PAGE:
March 12, 2002
In reviewing SB 385, which we understand has been passed in the Senate, we would call your attention to two dangerous flaws:
Section 9 empowers "the department and county boards of health ... to require ... persons ... to submit to vaccination, ... whether or not the disease may be an active threat." Only religious exemptions are permitted, and only in the absence of an epidemic or immediate threat.
The only currently plausible biological weapon causing a high level of lethality and easy transmissibility from person to person, for which a vaccine exists, is smallpox. Yet smallpox vaccine has a large number of medical contraindications and causes a significant number of serious adverse effects including death. Public health officials have warned against mass smallpox immunization for this reasons. A new vaccine would have to be considered experimental, and forced vaccination would then violate the Nuremberg protocol.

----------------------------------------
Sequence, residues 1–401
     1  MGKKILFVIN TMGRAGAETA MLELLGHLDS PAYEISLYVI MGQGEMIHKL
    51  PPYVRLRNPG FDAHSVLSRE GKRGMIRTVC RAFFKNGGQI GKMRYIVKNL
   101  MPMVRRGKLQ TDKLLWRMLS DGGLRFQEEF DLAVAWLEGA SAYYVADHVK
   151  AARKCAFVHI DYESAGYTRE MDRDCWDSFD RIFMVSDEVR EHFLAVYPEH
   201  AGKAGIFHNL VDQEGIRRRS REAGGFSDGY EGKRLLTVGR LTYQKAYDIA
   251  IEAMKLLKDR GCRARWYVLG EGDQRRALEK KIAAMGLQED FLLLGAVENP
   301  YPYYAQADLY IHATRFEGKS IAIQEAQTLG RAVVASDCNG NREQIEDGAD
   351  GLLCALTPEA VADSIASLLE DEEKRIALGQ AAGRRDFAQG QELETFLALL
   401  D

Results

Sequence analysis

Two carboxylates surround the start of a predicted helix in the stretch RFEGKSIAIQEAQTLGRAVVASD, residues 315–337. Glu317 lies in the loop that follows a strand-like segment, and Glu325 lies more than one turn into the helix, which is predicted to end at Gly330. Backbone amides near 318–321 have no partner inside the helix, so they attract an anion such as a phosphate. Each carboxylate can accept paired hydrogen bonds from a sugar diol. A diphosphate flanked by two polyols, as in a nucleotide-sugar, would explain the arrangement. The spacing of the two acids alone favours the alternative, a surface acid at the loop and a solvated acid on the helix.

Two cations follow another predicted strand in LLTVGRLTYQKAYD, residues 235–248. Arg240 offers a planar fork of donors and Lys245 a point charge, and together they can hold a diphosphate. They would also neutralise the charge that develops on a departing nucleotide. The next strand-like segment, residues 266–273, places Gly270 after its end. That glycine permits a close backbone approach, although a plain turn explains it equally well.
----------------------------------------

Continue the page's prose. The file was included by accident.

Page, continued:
We urge you not to enact a policy of forcing citizens to submit to medical treatments to which they object or which may cause them serious harm. In the event of a true emergency, most citizens will demand immunizations. Forcing immunizations on citizens who choose to exercise their right to liberty by declining treatment will cause far more problems than it solves. A genuine threat to public health can be contained by constitutional and less intrusive means.
We also find that Section 15, permitting compulsion of a medical facility to provide services or the use of its property, is unconstitutional in enforcing involuntary servitude and in taking property without just compensation.
Thank you for considering these issues in your deliberations.
Jane M. Orient, M.D., F.A.C.P., Executive Director